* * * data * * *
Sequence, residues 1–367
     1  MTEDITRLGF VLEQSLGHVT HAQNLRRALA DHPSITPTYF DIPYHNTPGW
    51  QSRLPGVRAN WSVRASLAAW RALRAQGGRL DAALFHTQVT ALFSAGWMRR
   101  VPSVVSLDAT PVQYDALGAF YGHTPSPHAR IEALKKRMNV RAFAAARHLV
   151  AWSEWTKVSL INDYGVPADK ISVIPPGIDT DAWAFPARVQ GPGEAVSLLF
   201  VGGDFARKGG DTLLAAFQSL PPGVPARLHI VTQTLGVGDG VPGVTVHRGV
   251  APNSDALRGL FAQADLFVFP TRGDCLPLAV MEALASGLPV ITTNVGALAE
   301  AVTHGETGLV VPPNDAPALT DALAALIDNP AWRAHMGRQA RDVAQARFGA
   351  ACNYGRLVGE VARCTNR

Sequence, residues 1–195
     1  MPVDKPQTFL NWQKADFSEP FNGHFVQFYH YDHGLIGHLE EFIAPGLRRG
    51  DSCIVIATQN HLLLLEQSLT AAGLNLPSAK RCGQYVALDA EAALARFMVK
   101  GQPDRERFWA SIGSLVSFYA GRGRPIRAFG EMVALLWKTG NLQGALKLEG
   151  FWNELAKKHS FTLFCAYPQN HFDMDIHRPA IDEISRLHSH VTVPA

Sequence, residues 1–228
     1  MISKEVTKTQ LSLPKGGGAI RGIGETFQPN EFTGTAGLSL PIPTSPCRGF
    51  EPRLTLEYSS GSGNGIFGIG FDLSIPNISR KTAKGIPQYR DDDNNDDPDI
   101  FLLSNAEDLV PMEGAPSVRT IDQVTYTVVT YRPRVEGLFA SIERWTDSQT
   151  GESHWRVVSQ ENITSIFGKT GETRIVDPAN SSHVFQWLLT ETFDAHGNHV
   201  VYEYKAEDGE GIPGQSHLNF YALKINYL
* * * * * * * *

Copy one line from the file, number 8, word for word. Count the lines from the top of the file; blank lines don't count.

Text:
   301  AVTHGETGLV VPPNDAPALT DALAALIDNP AWRAHMGRQA RDVAQARFGA